New Wine and New Wineskins

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One must put new wine into new wineskins. Also, no one drinking old wine prefers new wine, for he says, “The old wine is good..”

Luke 5: 38-9

Many years ago when first working with young people in formation situations, I became amazed at how quickly for them given ways of doing things became “traditions.” If during their first year the holiday menu contained certain items, then the following year or years it became very important to them to “follow the tradition” by including those foods. When new members would be added, they would be immediately informed of the traditions of the community by those who had joined a mere twelve months earlier. Most of us know the the aphorism: “The devil you know is better than the devil you don’t.” We also are well aware that the greatest obstacle to overcome the suffering involved in deformative and damaging habits is a person’s refusal to give them up. It is striking to see how we unconsciously cling to our suffering rather than risk giving it up. Life is replete with experiences of the truth of Jesus’ saying:  “No one drinking old wine prefers new wine, for such a person says, ‘The old wine is good.'”

It is not easy for us human beings to distinguish between what is foundational and what is accidental, what is at the core of identity and what is merely a given temporary expression of it. We see throughout the gospels Jesus’ attempt to illustrate to those he is teaching that the Word he brings is both continuous and original. The greatest challenge, however, comes in dialogue with those for whom the current understandings have been a source of comfort, status, and power.

In the course of our own formation each of us appropriates the form traditions in which we live in various ways:  as mere imitation, as a source of self-identity,  for the sake of conformity and acceptance, as a source of status and power within the community of adherents. Form traditions, however, are also potentially the source of foundational wisdom directives that establish the milieu in which persons can come to know and to live out their own true originality. In their deepest significance, the given expressions of a tradition are of their nature partial and temporary. The external forms are always in service of the deeper truths of which they are contingent expressions. The mistake of those whom Jesus addresses in today’s gospel, as of the young people who reified the “long-standing” traditions of the community, is to confuse the accidentals for the foundational realities. This tendency, “the old wine is good,” to hold firm to what is passing, is a universal one.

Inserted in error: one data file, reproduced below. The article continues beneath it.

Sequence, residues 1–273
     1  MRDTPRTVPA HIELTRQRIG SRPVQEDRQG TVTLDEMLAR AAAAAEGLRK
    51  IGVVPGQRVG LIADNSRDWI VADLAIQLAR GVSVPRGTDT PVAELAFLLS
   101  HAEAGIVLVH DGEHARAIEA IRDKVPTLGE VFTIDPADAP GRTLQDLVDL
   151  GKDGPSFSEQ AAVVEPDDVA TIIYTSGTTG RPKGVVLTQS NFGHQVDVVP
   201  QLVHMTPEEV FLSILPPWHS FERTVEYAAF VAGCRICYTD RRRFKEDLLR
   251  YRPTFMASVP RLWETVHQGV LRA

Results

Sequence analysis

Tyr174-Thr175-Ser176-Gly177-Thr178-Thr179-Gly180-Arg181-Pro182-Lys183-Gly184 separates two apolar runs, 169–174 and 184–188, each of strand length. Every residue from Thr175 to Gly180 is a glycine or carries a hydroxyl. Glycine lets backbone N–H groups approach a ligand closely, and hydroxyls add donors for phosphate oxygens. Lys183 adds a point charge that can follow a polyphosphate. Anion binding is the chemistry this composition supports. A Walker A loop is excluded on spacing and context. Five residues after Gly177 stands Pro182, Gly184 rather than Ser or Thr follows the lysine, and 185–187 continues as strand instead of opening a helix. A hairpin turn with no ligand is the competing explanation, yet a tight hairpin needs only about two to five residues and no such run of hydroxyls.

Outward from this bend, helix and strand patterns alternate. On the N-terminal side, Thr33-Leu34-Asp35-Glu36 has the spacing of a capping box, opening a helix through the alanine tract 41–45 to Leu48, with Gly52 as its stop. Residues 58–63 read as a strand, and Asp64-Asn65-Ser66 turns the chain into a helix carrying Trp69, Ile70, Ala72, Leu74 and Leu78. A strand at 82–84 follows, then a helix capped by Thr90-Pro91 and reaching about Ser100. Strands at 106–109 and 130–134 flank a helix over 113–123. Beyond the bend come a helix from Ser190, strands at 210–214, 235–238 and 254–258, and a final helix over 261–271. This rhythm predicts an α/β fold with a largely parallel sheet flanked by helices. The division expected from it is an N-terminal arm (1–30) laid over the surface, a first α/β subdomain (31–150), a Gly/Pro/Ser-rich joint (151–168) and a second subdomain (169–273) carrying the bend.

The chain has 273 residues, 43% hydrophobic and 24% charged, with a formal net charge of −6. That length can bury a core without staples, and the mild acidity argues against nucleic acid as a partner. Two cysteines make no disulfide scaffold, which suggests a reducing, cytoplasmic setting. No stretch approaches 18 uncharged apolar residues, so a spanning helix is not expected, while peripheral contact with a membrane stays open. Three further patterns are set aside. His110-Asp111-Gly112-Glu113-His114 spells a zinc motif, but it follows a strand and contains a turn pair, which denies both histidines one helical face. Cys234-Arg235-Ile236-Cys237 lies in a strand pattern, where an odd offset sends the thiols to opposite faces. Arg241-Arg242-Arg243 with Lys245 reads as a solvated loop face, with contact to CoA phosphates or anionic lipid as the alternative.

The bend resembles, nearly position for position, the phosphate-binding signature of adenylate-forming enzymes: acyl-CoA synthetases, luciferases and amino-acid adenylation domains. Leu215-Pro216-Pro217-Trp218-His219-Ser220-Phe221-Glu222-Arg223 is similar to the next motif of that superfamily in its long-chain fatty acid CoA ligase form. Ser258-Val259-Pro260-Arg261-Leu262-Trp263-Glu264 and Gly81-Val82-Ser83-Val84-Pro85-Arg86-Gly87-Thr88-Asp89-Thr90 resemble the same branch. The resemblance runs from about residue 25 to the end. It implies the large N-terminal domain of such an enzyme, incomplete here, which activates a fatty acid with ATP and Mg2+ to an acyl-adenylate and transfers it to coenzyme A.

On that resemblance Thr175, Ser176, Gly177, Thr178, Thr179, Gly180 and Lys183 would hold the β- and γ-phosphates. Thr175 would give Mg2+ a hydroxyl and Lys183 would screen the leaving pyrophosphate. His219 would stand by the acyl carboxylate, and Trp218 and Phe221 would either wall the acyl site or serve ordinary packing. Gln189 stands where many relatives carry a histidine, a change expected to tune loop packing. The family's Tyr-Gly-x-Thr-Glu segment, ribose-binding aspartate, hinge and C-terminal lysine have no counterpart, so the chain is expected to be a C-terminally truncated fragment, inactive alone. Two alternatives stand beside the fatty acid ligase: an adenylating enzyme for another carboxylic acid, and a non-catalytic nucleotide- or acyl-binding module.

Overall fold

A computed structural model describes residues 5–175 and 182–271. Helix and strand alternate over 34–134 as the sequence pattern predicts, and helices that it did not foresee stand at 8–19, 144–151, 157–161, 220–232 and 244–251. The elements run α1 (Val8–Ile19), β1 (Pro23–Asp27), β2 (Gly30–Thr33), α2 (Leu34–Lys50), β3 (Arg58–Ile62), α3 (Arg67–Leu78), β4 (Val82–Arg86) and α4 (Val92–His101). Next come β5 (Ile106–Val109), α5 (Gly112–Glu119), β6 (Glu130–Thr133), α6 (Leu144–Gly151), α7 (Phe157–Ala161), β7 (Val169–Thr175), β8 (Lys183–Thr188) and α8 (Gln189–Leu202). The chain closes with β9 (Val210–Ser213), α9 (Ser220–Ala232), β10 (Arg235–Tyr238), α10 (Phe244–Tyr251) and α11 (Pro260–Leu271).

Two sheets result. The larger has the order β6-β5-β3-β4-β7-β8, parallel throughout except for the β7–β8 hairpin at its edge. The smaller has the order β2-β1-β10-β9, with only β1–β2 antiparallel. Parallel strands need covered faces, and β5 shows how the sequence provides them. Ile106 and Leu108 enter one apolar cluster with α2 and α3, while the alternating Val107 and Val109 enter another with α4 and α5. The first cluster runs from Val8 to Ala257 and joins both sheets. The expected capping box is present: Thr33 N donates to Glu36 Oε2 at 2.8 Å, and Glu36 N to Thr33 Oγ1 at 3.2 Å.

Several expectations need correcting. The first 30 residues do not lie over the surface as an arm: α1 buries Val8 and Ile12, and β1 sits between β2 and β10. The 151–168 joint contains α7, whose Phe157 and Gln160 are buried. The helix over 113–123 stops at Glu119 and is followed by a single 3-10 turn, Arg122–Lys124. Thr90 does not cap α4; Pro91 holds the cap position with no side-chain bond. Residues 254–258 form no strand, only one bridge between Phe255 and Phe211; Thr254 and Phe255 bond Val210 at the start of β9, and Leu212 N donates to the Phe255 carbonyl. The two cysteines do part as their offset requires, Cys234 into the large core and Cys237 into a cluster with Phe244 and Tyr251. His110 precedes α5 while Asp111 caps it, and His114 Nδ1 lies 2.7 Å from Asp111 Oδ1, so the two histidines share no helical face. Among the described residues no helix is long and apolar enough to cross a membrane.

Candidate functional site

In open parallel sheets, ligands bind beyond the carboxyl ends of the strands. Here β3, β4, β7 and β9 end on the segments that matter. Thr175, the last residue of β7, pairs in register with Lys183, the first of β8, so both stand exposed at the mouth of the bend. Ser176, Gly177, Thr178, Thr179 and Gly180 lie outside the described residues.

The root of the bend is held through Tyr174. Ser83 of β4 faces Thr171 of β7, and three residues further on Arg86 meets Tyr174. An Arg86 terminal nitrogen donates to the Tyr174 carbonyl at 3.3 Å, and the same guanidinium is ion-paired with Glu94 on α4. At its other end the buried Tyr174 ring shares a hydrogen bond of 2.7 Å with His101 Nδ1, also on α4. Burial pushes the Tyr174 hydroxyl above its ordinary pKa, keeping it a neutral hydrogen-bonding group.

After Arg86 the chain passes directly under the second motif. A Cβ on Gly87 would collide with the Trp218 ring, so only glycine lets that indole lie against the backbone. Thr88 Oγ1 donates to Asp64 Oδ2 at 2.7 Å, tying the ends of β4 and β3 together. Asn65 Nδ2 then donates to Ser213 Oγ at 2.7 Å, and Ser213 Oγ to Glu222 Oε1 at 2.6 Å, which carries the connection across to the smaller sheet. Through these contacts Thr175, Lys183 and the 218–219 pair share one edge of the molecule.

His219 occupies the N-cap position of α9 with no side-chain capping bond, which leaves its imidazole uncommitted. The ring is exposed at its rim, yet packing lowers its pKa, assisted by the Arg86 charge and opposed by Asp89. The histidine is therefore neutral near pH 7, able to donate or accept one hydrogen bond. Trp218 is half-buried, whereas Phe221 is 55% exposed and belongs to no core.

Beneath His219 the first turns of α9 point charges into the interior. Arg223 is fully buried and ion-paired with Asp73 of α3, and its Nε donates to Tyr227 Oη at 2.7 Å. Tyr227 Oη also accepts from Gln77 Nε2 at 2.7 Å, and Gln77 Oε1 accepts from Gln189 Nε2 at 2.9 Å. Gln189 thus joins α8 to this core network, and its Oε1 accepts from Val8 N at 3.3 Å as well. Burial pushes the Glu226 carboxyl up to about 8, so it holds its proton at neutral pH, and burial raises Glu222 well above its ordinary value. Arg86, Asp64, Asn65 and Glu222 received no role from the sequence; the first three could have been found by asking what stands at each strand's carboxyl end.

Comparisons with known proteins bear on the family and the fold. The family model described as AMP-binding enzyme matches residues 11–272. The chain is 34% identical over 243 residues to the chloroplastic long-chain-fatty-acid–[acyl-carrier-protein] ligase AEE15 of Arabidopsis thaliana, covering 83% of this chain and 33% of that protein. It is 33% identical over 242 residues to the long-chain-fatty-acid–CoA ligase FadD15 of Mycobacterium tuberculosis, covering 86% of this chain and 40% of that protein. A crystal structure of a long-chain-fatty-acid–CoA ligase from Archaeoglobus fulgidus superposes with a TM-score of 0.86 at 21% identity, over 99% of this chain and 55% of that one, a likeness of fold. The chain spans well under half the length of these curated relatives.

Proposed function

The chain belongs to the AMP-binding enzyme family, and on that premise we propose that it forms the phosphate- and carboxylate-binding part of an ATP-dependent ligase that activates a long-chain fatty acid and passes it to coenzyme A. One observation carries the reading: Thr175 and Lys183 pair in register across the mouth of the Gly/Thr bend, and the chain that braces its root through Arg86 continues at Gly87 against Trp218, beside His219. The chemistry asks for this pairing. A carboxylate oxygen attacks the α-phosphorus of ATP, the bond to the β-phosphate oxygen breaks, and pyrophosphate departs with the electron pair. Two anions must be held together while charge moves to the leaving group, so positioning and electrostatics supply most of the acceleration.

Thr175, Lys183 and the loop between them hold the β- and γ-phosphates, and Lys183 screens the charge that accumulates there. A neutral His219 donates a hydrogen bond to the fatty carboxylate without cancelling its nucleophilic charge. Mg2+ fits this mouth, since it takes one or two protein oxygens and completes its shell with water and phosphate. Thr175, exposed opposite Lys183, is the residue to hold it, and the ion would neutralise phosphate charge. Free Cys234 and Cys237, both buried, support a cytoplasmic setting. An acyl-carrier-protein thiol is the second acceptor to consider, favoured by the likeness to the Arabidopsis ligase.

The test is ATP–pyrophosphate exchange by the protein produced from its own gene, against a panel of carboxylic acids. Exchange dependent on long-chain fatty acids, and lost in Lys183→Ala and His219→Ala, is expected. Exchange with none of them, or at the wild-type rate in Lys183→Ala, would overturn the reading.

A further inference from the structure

St Paul writes to the Romans these memorable words:  “For I am convinced that neither death, nor life, nor angels, nor principalities, nor things present, nor things to come, nor powers, nor height, nor depth, nor any other created thing, will be able to separate us from the love of God, which is in Christ Jesus our Lord.” (Romans 8: 38-9)   The fact that everything created, including ourselves, passes away is an affront to our egos. We want a permanence that is not of the nature of things. What is permanent is the life and love out of which all comes and to which all returns. If we hold on and do not abandon ourselves to the flow of reality, we cannot know and experience the love that transcends every manifestation of it. To refuse change is, at the level of spirit, to die. We only live when we are willing to die to each and every thing that we take to constitute our life.

This means that to do God’s will is to release into the flow of life, to attend openly and willingly to what the rising and falling of all forms asks of us. In a recent address to the General Chapter of the Schoenstatt Fathers, Pope Francis spoke of two necessary pillars for the full living out of a charismatic call:  contemplation and “taking the pulse of the time, of reality, of persons.” Grounded in prayer and union with God, we are then called to attend to the current reality before us, trusting that God is present there, as always, and that our attending to that new mode of God’s presence will allow us to be servants of God’s will in ways that are both continuous and original.

The second pillar is constituted by the expression: “take the pulse of the time,” of reality, of persons. One must not be afraid of reality, and reality must be taken as it comes, like the goalkeeper when the ball is kicked and from there, from there, from where it comes, he tries to intercept it. The Lord waits for us there, He communicates and reveals himself to us there. They are not two different ears, one for God and the other for reality. When we meet with our brothers, especially with those who in our eyes or in the eyes of the world are less agreeable, what do we see? Do we realize that God loves them, who have the same flesh that Christ assumed or do we remain indifferent to their problems? What is the Lord asking of us in that situation? To take the pulse of reality requires contemplation, a familiar relation with God, constant prayer, so often boring but which ends in service. In prayer we learn not to look away from Christ who suffers in his brothers. In prayer we learn to serve.

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